Japanese find inspiration in life story of Israeli founder of non-profit for disabled

Rabbi Kalman Samuels’ memoir about his son - rendered blind and deaf during infancy - has received international acclaim; recently in Japan.

Tags: Japan Shalva
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Rabbi Samuels with Japanese ambassador
Rabbi Samuels with Japanese ambassador
Shalva

Rabbi Kalman Samuels’ memoir about his son, who was rendered blind and deaf during infancy, has received international acclaim. Most recently it was published in Japanese, circulated among Japanese government officials, and sold in bookstores across the country.

“I am very delighted and moved to visit the Shalva Center and I am looking forward to reading Kalman Samuels’ book,” said Japanese Ambassador to Israel Koichi Mizushima following his visit with Samuels. “I am grateful to Shalva for the opportunity to come and see this amazing center and their work from up close.”

Samuels' memoir called "Dreams Never Dreamed", tells the story of his son Yossi who was injured during infancy and became blind, deaf, and acutely hyperactive and the incredible account of his breakthrough to communication which inspired the development of Shalva, established by Samuels and his wife Malki that has become one of the largest centers for disability care around the world. The $70 million Shalva National Center serves thousands of people with disabilities and is an internationally recognized leader in the field of disability care with inclusion projects, like the Shalva Band, inspiring millions across the globe.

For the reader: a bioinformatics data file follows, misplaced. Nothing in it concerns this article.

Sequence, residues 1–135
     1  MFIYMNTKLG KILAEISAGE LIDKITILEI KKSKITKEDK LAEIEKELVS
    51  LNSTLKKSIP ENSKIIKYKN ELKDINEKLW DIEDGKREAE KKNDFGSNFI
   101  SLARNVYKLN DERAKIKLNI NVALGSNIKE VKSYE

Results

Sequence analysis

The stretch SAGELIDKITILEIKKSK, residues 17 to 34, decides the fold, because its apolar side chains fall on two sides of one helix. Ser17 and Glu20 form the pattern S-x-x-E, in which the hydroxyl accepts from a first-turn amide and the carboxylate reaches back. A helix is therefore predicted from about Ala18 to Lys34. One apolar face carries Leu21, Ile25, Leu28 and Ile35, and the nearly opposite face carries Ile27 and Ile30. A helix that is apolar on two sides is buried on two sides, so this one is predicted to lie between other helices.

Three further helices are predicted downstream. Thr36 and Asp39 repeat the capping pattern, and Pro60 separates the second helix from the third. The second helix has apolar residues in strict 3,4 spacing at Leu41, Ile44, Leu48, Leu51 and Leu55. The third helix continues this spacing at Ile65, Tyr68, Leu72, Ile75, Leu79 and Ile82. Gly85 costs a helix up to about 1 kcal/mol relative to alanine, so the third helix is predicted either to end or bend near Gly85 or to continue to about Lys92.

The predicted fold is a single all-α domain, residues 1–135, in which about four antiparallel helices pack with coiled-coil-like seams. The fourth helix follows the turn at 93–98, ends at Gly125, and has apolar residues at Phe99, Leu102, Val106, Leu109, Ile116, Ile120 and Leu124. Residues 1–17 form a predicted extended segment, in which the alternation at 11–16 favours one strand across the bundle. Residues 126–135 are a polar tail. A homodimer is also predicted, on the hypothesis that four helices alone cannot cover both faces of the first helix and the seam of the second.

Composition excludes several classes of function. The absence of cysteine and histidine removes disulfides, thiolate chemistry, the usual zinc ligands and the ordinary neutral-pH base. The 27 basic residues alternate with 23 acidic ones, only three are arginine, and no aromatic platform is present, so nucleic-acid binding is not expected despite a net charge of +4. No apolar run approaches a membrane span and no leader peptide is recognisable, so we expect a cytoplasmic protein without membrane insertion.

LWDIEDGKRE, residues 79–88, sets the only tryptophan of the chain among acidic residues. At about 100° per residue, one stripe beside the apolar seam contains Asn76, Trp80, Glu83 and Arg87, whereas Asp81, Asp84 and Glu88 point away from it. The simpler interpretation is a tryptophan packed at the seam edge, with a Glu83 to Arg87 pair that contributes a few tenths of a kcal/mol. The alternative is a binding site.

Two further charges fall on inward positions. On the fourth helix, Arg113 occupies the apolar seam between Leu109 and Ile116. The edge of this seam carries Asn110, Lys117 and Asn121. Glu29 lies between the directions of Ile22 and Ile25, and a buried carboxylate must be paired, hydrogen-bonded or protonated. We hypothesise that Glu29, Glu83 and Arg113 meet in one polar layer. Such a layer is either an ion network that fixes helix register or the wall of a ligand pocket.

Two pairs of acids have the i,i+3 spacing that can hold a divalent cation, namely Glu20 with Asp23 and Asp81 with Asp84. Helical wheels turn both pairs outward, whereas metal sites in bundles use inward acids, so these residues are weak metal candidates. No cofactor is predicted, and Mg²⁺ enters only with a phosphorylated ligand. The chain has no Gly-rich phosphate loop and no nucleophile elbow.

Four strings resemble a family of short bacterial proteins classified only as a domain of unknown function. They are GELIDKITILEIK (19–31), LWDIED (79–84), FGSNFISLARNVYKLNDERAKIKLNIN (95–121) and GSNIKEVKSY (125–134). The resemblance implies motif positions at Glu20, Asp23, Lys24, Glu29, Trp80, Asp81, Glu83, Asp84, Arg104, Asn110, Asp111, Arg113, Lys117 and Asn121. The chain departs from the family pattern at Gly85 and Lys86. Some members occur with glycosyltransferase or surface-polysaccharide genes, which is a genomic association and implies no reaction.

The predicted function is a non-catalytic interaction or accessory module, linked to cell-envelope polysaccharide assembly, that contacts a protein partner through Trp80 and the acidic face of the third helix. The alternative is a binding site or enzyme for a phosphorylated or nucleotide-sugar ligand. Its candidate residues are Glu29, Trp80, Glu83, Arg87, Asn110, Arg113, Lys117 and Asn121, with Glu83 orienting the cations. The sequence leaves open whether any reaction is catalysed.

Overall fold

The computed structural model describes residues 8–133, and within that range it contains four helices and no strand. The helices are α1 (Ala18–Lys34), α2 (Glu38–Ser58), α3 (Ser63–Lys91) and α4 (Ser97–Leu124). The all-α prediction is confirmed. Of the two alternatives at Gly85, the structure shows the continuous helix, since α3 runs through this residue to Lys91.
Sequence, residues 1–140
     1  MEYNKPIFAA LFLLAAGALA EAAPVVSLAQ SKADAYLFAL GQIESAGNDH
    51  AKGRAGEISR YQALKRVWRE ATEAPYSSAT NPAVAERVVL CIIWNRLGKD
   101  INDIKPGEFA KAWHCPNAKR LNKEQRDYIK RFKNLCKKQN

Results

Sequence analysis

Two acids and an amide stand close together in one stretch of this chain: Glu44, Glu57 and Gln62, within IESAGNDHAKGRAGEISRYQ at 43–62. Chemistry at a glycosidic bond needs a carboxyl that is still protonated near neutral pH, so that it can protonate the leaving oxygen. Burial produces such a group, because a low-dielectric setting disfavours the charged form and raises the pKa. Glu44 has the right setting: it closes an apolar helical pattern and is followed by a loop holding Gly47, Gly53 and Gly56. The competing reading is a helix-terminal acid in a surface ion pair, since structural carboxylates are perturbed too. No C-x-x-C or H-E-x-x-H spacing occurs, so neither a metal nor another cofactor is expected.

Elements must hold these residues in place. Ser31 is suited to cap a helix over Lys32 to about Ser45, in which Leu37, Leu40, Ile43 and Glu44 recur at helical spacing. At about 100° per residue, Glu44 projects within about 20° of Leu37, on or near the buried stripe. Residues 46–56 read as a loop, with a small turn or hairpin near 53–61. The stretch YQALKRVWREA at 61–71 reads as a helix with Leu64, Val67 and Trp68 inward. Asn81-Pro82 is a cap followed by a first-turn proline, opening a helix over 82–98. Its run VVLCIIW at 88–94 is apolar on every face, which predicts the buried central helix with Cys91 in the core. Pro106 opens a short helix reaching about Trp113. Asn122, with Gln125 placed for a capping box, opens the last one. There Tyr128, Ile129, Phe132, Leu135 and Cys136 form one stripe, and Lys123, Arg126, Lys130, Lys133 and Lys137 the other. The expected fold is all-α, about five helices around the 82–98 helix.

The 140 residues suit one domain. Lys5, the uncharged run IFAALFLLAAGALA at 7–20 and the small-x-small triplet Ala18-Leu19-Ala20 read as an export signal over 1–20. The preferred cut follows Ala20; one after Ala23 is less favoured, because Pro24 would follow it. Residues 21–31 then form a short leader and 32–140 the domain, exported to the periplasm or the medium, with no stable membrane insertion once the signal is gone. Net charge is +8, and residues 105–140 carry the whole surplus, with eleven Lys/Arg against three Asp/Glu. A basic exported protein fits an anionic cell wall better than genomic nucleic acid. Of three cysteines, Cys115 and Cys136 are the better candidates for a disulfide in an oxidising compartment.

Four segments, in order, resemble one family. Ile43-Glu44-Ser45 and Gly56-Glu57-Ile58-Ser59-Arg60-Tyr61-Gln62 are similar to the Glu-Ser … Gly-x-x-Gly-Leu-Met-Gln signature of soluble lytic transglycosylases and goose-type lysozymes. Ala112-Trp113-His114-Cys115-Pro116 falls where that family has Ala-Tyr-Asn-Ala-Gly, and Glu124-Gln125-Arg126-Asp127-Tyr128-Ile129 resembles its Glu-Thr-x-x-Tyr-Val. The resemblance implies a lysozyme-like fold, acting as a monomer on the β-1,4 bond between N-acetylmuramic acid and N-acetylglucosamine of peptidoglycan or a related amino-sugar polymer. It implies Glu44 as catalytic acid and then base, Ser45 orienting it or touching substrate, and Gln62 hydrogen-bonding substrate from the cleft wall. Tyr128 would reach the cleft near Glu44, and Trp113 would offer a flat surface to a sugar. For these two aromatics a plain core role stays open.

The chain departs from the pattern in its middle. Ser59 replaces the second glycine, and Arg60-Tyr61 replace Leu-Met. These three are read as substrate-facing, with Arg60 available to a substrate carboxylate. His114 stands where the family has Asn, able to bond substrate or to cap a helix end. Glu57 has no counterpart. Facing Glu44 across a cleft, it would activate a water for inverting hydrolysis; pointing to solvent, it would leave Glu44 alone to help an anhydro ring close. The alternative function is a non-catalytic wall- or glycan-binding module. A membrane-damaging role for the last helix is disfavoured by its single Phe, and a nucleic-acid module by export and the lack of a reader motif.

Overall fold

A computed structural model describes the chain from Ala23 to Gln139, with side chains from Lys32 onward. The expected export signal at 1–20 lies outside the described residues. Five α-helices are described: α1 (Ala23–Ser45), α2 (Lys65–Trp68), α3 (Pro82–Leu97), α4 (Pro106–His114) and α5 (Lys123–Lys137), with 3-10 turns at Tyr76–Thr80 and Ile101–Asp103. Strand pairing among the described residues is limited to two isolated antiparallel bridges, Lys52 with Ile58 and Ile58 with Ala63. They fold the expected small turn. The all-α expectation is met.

Today, a Japanese delegation, headed by Japan’s Ambassador Mizushima and Rabbi Abraham Cooper Associate Dean of the Simon Wiesenthal Center in Los Angeles, visited the Shalva Center in Jerusalem to meet Kalman Samuels and to experience first-hand his life’s work which has inspired many Japanese readers, among them prominent activists and policy makers. The Japanese delegation also met Yossi Samuels, holding an inspiring conversation with the boy, mediated with the help of sign language.

“It is all about making connections,” says Rabbi Cooper. “The fact that a Japanese Ambassador is coming to visit an Israeli non-profit for disability care is an important milestone. I believe it is just the beginning of various partnerships and exchange of knowledge between Israel and Japan in this field.”

Samuels’ memoir was translated to Japanese by Kinue Tokudome, a Japanese writer and human rights activist who was inspired by her visit to Shalva in 2019. Tokudome says there is a great deal to learn from Shalva's pioneering role in advancing the care and inclusion of people with disabilities and believes that the people of Japan will find important relevance in the book's messages of hope and human dignity.

After translating Samuels’ book on her own initiative, Tokudome tweeted about it on her Jews and Japan Twitter feed. The Japanese version of Samuels’ book was published by Japan-based publisher Isaku Taniuchi earlier this month and is now available in bookstores and online around the country.



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